This week, on Government Matters, host Francis Rose interviewed me about “color of money” pilots for software acquisition in the Defense Department.
New pilot program for software acquisitions | Government Matters
Nick Sinai, Senior Advisor at Insight Partners, discusses a pilot program to test a new way to do software acquisitions…
Under Secretary Ellen Lord — the Defense Department’s top acquisition official—is working with Congress to test the idea of a single type of software money, instead of separate research, procurement, and sustainment funding streams. They are picking both software-intensive weapons systems and traditional business systems to pilot, with the goal of showing Congress that this is a better way to fund software. Her office also put out interim policy guidance to program offices about how to buy software simpler and faster.
As I said on Gov Matters, planning for years, building for years in a single procurement, and then maintaining for decades— that type of appropriations might make sense for a battleship. But that funding model isn’t relevant to the continuous development of modern software, where early and frequent testing with the end-user is industry best practice.
Lord’s efforts build on the landmark Defense Innovation Board’s software study, released last year, that found that:
- “Software is ubiquitous and U.S. national security relies on software.
- The threats the U.S. faces change rapidly, and DoD’s ability to adapt and respond is now determined by its ability to develop and deploy software to the field.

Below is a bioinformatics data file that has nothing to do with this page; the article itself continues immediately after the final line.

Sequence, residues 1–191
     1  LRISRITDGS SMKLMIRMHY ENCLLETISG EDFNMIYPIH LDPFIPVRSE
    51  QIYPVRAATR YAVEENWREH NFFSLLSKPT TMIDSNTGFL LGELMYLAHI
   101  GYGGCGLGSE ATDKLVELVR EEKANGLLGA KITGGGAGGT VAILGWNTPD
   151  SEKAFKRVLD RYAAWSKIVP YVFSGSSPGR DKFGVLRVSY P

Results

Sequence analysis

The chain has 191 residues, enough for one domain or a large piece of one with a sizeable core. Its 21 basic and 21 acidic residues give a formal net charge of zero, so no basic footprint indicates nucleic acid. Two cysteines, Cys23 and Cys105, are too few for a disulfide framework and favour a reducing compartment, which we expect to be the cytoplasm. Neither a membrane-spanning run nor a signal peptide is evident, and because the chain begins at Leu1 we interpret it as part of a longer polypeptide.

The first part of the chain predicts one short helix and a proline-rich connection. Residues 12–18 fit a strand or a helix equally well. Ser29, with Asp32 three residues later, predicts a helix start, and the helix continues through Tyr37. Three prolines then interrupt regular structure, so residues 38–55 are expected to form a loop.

- The current approach to software development is a leading source of risk to DoD: it takes too long, is too expensive, and exposes warfighters to unacceptable risk.”
(Also check out their ten commandments of software.)
I couldn't agree more.
As I testified in Congress earlier this year, the federal government has to do a better job at buying, building, and integrating software.
That is why I’m excited that DoD is taking the DIB’s recommendations seriously to speed up software acquisition — training acquisition professionals, getting more software expertise in DoD, publishing new acquisition policy, and proving that a single type of money is a better funding mechanism.
But like any large enterprise, DoD needs to develop software development capability itself. That’s why I’m excited about software factories like Kessel Run, new software career paths, and new digital upskilling initiatives (see Air Force’s Digital University and the Army’s Quantum Leap).
We still have a long way to go, but we’re making progress.